Don Spicer was out walking with his wife, Jackie, about two years ago when he suddenly came to an unplanned halt.
"My right leg was just like it was in a pool of cement," the Bloomington 71-year-old recalled. "I just couldn't move."
Spicer has "freezing-of-gait," an exasperating and mysterious condition that can be triggered by an abrupt turn, a long hallway, a narrow doorway or seemingly nothing in particular.
Liz Ogren, 51, of Edina, was on a mountain-biking trip in Canyonlands National Park in Utah when she was struck by a similar disorder called dystonia, which wracks the body with involuntary muscle contractions. She found herself locked in a rigid, horizontal position while rock climbing in a keyhole canyon. "I begged people to get me down," said Ogren, a retired fifth-grade teacher. "And I was a really good rock climber."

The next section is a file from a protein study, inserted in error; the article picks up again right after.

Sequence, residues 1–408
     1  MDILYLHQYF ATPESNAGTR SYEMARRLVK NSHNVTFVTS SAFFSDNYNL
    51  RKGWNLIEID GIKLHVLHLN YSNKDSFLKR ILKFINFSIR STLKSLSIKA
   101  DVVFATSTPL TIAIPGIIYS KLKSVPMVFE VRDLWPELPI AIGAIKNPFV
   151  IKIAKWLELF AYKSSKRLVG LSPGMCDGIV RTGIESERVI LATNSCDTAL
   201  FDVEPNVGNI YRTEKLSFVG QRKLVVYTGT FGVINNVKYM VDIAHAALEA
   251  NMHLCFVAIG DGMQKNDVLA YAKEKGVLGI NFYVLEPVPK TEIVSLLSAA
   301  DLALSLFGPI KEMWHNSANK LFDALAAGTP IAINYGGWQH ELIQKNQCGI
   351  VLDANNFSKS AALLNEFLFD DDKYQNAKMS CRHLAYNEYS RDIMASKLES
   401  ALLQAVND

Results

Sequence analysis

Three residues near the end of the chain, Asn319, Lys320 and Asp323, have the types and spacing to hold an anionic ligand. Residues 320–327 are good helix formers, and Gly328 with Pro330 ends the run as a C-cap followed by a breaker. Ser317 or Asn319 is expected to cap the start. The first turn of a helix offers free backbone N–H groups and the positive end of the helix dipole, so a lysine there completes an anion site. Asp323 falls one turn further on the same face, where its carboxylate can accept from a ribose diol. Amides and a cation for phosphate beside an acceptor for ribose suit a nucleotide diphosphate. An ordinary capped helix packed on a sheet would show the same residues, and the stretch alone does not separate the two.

No one knows what causes freezing-of-gait or dystonia, but both can occur in individuals with Parkinson's disease. Spicer and Ogren both sought help at the University of Minnesota, where a large and growing team is working to unravel the mysteries of these movement disorders.
Under the leadership of Dr. Jerrold Vitek, a world-renowned researcher and neurologist, the university has been building an interdisciplinary team to study Parkinson's from the molecular level through clinical treatments.